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I was Sexually Harassed in Cairo, but…

The recent data on sexual harassment, attacks, rapes, and death of women in Egypt is deeply disturbing. It is as though the Islamist ascendency has awakened the fury against women under the thin patina of civilization. The recent UN report (see the NY Times article by Bruni that I recently posted on Facebook) estimates harassment at 93%+.* Ninety women journalists were sexually harassed in the last few months. In The Cairo Codex (West Hills Press, to be released 8/13), I described my own earlier incident through the experience of my protagonist, anthropologist Justine Jenner:

“…By the time she reached the Roman aqueduct, cutting east through the city, the town was waking up. Bean pots on rollers moved into the side streets; bakers raised their storefronts, displaying layers of Egyptian baladi bread that          resembles pita. Young men on bicycles took to the streets.

About a mile from the hotel, she stopped. In this part of the city, new or maintenance construction gave way to houses and stores scarred by vehicle exhaust crumbling around the edges, pressed together like crowded children          scrambling for a ball.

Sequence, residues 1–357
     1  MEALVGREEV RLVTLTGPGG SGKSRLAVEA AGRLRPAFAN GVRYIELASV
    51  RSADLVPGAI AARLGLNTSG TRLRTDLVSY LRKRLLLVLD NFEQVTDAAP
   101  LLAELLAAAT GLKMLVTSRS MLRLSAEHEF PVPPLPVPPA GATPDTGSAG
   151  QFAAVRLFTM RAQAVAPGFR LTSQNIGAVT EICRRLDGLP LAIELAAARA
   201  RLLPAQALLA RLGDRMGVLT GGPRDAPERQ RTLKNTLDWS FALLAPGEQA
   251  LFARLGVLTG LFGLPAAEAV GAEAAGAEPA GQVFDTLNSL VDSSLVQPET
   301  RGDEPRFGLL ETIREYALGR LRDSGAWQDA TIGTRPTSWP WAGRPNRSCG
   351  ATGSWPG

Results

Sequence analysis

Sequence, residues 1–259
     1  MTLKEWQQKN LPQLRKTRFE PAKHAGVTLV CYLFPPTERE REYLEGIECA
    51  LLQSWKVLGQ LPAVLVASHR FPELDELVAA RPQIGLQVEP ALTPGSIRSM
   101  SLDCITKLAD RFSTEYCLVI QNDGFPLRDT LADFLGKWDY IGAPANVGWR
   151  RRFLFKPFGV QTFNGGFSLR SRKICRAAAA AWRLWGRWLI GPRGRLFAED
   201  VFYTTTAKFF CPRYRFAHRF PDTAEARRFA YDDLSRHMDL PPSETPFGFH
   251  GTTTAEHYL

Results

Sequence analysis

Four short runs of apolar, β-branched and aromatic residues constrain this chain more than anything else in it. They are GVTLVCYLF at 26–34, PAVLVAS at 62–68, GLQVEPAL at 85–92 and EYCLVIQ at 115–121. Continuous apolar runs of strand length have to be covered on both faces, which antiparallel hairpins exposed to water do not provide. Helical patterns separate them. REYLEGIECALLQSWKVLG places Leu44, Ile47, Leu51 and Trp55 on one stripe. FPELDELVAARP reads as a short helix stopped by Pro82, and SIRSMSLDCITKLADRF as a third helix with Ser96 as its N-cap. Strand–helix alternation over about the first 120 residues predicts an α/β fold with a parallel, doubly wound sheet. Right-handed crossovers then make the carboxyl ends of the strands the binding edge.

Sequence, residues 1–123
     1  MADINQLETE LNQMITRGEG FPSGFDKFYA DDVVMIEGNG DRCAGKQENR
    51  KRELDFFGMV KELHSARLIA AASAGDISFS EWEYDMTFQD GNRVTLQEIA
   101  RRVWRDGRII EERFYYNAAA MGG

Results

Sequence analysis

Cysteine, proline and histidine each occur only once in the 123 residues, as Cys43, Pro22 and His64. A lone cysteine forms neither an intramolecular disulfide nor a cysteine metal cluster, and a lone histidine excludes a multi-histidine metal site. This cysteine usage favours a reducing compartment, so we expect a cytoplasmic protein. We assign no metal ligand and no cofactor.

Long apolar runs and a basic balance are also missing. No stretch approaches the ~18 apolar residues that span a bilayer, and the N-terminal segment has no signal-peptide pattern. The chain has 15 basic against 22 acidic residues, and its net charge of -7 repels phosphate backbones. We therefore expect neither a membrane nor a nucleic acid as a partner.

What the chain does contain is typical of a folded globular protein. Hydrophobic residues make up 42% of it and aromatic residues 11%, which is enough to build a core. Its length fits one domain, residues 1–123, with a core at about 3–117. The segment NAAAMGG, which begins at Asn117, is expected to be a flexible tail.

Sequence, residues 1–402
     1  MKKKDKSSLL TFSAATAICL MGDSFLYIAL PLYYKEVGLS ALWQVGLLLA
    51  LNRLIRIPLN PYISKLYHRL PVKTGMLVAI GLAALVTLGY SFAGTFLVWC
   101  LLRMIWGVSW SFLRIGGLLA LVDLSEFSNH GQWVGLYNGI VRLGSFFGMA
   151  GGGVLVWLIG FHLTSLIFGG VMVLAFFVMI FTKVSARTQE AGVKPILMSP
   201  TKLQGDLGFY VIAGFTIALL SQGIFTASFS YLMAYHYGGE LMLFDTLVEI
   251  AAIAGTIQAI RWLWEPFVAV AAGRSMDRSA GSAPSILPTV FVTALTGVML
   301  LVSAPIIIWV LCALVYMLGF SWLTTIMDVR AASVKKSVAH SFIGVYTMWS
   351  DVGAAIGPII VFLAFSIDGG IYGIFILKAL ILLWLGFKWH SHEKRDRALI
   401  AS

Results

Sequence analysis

Turning away from the Nile, Justine stood for a moment to get her bearings, bending over, hands on her thighs, stretching her back. A hand, not her own, reached under her from behind, firmly stroking between her legs then             withdrawing as quickly as it had arrived. A wave of terror shot through her stomach and chest. For a moment, she couldn’t believe what she’d felt. She swung around to see a stooped man in a gray kaftan and woolen scarf limping             swiftly away.

She could have caught him easily, but what would she say? What would  she do? Would the authorities pay her any mind? Not in Egypt. She turned and ran back to the hotel, stumbling occasionally, shaken by the violation.”

However—and this is a fierce however—that is not my usual experience of Egypt. I have always found Egypt safe, where I could venture into side streets, Tahrir Square, go out in the evenings with other women. So what has happened? What is different?

* I have had questions about UN estimates in the past, including their projection that 95% of Egyptian women have had a clictorectomy.



This entry was posted on Sunday, July 21st, 2013 at 11:26 am and is filed under Articles, Egypt, Fiction, Travel. You can follow any responses to this entry through the RSS 2.0 feed. You can leave a response, or trackback from your own site.

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